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Linking drinking to injury--causal attribution of injury to alcohol intake among patients in a Swedish emergency room.
Linköping University, Faculty of Health Sciences. Linköping University, Department of Department of Health and Society, Division of Preventive and Social Medicine and Public Health Science.
Linköping University, Faculty of Health Sciences. Linköping University, Department of Department of Health and Society, Division of Preventive and Social Medicine and Public Health Science.
Linköping University, Faculty of Health Sciences. Linköping University, Department of Department of Health and Society, Division of Preventive and Social Medicine and Public Health Science.
Linköping University, Faculty of Health Sciences. Linköping University, Department of Department of Health and Society, Division of Preventive and Social Medicine and Public Health Science. Östergötlands Läns Landsting, Local Health Care Services in Central Östergötland, Department of Acute Internal Medicine.
2007 (English)In: International journal of injury control and safety promotion, ISSN 1745-7300, Vol. 14, no 2, 93-102 p.Article in journal (Refereed) Published
Abstract [en]

This study analysed the drinking patterns and motivation to change drinking behaviours among injury patients who acknowledged alcohol as a factor in their injuries. A cross-sectional study was conducted over 18 months at a Swedish emergency department. A total of 1930 injury patients aged 18 - 70 years were enrolled in the study (76.8% completion rate). Of those who reported drinking, 10% acknowledged alcohol as a factor in their injury. A patient was more likely to report a causal attribution of the injury to alcohol the higher the weekly intake and the higher the frequency of heavy episodic drinking. The motivation to change variables showed a similar pattern of increased likelihood of attributing a causal link of alcohol and injury with increasing discontent with drinking behaviours and increasing desire to change drinking behaviours. The findings suggest that the ability to measure causal attribution of alcohol to injuries could be a promising tool to help patients explore the association between their injuries and alcohol use and motivate patients to modify drinking behaviours in order to avoid future injuries.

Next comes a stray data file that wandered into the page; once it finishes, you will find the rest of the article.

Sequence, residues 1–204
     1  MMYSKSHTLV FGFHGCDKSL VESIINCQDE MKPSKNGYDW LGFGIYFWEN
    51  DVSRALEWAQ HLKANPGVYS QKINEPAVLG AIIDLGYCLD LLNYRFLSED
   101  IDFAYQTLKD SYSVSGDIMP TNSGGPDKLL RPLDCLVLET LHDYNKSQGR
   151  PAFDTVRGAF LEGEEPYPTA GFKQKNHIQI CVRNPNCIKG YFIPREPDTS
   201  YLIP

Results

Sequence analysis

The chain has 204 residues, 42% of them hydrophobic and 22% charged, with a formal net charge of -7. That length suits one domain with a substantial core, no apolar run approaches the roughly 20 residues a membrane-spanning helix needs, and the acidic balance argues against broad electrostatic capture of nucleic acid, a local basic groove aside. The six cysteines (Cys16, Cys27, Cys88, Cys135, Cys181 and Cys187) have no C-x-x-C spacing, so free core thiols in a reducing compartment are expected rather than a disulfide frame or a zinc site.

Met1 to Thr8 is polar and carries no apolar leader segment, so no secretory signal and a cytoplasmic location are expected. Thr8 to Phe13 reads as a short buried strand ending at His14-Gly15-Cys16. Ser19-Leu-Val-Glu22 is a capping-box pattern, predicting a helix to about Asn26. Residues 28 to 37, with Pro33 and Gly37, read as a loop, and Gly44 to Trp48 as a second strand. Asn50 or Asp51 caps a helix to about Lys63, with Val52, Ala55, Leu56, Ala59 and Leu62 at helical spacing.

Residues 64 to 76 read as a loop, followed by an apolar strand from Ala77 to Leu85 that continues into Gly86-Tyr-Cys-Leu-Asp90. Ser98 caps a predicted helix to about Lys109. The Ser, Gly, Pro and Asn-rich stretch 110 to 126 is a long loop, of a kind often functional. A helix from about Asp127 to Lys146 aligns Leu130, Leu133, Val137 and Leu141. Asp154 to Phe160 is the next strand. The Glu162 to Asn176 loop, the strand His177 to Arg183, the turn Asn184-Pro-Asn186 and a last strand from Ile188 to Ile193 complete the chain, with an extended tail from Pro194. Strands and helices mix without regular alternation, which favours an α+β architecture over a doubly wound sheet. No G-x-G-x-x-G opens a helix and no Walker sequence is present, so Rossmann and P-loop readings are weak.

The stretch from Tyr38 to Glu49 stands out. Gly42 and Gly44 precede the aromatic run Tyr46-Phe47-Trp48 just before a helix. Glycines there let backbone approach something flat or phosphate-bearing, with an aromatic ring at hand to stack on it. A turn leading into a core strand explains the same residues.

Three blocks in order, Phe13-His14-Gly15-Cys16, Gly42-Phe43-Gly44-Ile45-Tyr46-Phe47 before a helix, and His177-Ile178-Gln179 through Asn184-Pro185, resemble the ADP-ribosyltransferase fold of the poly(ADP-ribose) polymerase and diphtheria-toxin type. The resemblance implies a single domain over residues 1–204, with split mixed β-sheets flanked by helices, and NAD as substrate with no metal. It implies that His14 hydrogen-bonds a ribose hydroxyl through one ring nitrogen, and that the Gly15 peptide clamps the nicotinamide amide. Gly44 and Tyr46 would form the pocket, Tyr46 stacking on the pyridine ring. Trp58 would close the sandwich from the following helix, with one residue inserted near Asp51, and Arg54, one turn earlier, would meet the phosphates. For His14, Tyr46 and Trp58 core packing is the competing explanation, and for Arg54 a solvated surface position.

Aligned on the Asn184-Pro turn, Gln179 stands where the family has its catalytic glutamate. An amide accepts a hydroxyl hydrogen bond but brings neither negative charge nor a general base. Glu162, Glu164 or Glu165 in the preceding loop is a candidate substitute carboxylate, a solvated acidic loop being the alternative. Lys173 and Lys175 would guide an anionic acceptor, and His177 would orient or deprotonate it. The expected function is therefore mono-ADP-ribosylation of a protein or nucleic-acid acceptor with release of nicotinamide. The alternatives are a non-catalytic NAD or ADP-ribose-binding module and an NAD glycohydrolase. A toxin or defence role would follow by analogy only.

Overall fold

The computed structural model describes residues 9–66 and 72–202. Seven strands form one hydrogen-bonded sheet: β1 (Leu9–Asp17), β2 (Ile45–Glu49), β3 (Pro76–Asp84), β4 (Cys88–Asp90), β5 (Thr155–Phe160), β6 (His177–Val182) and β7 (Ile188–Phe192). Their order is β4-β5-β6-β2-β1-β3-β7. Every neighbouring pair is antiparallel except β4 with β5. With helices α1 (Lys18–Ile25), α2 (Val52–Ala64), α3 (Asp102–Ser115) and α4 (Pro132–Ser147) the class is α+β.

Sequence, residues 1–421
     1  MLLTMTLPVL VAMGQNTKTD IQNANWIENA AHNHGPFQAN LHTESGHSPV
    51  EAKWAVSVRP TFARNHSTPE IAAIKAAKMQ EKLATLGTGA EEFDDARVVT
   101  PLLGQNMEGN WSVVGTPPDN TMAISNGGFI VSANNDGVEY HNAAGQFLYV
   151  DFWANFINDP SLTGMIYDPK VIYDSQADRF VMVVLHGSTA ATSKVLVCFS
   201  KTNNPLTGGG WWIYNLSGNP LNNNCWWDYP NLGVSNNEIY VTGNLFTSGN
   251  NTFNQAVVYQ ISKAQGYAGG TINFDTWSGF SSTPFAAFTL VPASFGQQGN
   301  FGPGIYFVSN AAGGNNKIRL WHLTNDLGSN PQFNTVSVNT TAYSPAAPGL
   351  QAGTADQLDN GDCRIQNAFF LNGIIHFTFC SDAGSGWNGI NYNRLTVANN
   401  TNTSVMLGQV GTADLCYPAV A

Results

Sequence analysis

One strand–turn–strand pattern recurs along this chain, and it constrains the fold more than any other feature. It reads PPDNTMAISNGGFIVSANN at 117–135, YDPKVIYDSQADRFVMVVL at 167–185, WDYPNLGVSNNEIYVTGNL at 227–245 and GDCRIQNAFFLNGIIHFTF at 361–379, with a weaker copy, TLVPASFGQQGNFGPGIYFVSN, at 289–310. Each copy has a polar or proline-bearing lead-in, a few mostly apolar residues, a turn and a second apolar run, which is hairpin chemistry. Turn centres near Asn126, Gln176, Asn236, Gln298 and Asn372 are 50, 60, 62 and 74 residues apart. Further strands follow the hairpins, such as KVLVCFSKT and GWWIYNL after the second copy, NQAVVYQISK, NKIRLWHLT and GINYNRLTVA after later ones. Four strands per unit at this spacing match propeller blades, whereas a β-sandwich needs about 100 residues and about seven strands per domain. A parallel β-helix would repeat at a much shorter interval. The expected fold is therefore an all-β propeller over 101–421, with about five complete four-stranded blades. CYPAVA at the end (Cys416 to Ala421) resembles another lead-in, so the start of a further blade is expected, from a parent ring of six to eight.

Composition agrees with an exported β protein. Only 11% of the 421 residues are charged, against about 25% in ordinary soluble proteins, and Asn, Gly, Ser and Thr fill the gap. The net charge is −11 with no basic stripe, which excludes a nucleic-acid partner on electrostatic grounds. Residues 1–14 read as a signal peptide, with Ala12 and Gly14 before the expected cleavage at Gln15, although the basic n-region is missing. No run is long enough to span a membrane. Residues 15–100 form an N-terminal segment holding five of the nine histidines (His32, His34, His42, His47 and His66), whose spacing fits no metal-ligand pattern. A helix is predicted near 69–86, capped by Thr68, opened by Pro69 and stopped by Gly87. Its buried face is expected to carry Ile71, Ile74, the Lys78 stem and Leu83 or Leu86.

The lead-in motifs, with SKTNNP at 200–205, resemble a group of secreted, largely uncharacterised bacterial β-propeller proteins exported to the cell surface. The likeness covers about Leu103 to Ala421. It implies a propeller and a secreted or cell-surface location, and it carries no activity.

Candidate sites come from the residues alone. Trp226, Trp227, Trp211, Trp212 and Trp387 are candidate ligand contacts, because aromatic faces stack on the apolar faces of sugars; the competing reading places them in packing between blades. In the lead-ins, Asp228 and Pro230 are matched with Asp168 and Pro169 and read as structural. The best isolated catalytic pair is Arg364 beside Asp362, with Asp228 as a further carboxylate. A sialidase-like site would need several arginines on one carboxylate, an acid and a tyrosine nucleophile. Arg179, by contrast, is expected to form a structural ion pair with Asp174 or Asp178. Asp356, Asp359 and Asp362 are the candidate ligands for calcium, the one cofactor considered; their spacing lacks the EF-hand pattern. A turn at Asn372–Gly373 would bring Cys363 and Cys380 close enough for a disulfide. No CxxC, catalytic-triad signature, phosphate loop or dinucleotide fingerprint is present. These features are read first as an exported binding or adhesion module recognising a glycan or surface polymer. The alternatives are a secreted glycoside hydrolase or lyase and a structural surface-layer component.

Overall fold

Place, publisher, year, edition, pages
2007. Vol. 14, no 2, 93-102 p.
National Category
Medical and Health Sciences
Identifiers
URN: urn:nbn:se:liu:diva-41440DOI: 10.1080/17457300701374759Local ID: 56534OAI: oai:DiVA.org:liu-41440DiVA: diva2:262292
Available from: 2009-10-10 Created: 2009-10-10 Last updated: 2011-01-11

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Nilsen, PerHolmqvist, MarikaNordqvist, CeciliaBendtsen, Preben

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Nilsen, PerHolmqvist, MarikaNordqvist, CeciliaBendtsen, Preben
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Faculty of Health SciencesDivision of Preventive and Social Medicine and Public Health ScienceDepartment of Acute Internal Medicine
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CiteExportLink to record
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  • apa
  • harvard1
  • ieee
  • modern-language-association-8th-edition
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  • de-DE
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